• Brasher, J. Lawrence. The Sanctified South: John Lakin Brasher and the Holiness Movement. (1994). 260 pp.
  • DuPree, Sherry Sherrod. African-American Holiness Pentecostal Movements: An Annotated Bibliography. (1996). 650 pp.
  • Harrell, David Edwin. All Things Are Possible: The Healing and Charismatic Revivals in Modern America (1975), a major scholarly history excerpt and text search
  • Jones, Charles Edwin. Perfectionist Persuasion: The Holiness Movement and American Methodism, 1867-1936 (1974)
  • Kimbrough, David L. Park Saylor and the Eastern Kentucky Snake-Handlers: A Religious History. (1992). 346 pp.
  • Kostlevy, William C. Historical Dictionary of the Holiness Movement (2001)
  • Mills, Gene. Faith Cure: Divine Healing in the Holiness and Pentecostal Movements (2003).
  • Opp, James. The Lord for the Body: Religion, Medicine, and Protestant Faith Healing in Canada, 1880-1930 (2007)
  • Sanders, Cheryl J. Saints in Exile: The Holiness-Pentecostal Experience in African American Religion and Culture. (1996). 177 pp.
  • Smith, Timothy Lawrence and W. T. Purkiser. Called unto holiness: the story of the Nazarenes‎ (2 vol 1962), standard scholarly history
  • Stanley, Susie C. Holy Boldness: Women Preachers' Autobiographies and the Sanctified Self. (2002). 336 pp.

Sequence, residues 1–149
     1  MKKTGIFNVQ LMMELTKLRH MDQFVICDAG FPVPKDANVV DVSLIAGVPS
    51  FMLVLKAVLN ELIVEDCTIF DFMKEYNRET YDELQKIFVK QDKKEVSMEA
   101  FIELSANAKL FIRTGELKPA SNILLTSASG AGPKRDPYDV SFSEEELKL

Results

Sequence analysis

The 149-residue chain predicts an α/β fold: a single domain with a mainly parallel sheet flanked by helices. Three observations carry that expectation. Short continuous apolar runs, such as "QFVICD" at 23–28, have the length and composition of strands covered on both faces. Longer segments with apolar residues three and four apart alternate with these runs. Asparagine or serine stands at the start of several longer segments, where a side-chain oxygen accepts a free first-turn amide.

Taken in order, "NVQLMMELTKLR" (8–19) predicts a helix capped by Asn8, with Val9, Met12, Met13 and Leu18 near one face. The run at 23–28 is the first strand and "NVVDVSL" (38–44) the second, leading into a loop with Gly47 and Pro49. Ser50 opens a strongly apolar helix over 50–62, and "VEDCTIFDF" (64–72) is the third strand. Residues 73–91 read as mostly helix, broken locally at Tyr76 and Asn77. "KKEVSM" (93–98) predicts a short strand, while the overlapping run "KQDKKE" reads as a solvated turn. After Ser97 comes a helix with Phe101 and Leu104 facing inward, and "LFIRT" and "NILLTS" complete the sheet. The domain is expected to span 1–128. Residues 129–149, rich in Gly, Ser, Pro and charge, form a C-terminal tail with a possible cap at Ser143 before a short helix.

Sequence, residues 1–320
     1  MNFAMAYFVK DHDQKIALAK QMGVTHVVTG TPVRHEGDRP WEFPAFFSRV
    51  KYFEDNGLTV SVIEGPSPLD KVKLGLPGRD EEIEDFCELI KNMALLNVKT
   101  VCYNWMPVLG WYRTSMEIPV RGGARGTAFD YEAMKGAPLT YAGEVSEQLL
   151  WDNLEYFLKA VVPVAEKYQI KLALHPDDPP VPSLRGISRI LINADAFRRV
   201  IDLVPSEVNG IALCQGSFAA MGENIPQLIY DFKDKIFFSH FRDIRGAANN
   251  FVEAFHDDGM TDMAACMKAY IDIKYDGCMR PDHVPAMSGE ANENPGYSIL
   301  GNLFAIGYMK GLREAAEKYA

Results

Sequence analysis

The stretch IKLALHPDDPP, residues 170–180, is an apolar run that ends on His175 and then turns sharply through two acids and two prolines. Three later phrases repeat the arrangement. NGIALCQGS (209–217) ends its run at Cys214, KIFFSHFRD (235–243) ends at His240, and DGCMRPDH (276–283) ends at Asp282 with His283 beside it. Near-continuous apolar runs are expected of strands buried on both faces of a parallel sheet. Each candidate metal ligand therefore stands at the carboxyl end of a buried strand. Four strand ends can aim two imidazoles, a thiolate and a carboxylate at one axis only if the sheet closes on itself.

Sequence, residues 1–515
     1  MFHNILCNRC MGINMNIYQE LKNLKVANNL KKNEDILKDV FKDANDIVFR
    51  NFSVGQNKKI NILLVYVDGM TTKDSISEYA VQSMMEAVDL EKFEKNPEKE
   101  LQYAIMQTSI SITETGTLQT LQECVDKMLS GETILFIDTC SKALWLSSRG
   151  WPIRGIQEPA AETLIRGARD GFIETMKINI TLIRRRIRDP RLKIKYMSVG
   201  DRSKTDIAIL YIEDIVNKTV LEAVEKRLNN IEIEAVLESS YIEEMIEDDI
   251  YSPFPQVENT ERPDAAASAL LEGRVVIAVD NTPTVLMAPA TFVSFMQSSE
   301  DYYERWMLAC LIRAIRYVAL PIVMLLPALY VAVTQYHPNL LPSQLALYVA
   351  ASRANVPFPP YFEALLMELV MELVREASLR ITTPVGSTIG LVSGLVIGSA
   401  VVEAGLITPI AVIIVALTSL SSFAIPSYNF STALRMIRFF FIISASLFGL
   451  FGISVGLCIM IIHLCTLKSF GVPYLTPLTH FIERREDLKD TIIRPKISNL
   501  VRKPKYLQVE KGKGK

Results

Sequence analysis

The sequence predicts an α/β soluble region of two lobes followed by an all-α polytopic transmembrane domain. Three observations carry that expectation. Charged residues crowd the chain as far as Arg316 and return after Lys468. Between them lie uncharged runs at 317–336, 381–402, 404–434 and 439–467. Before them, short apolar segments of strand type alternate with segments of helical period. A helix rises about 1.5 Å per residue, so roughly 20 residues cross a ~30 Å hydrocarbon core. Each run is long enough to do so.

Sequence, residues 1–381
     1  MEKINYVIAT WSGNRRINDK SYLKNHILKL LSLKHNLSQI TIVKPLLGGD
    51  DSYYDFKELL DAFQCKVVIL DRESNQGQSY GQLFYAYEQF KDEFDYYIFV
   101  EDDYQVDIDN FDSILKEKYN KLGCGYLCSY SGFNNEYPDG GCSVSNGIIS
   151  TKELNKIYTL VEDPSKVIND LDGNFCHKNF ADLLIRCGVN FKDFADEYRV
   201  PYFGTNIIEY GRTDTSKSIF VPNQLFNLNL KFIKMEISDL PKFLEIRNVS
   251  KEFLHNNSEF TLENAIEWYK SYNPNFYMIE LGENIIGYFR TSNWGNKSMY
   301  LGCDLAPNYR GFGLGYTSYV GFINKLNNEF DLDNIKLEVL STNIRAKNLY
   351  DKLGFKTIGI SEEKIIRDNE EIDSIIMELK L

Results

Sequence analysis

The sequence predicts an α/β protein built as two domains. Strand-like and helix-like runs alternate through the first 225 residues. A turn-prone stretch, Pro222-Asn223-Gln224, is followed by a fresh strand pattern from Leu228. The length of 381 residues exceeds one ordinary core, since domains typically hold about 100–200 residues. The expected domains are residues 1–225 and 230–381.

• Stephens, Randall J. "The Convergence of Populism, Religion, and the Holiness-Pentecostal Movements: A Review of the Historical Literature." Fides Et Historia 2000 32(1): 51-64.
  • Stephens, Michael S. Who Healeth All Thy Diseases: Health, Healing, and Holiness in the Church of God Reformation Movement. (2008) online review
  • Synan, Vinson. The Holiness-Pentecostal Tradition: Charismatic Movements in the Twentieth Century. (1997). 340 pp.
  • Thornton, Wallace Jr.The Conservative Holiness Movement: A, Historical Appraisal The Conservative Holiness Movement: A Historical Appraisal, by Wallace Thornton, Jr.
  • Thornton, Wallace Jr.From Glory to Glory: A Brief Summary of Holiness Beliefs and Practice,
  • Thornton, Wallace Jr. Radical Righteousness: Personal Ethics and the Development of the Holiness Movement
  • Thornton, Wallace, Jr, "Thornton, Wallace, Jr. (2014). When the Fire Fell: Martin Wells Knapp’s Vision of Pentecost and the Beginnings of God’s Bible School. Asbury Theological Seminary Series in Pietist/Wesleyan Studies. Lexington, Kentucky: Emeth Press. ISBN 978-1609470692. [1], 2014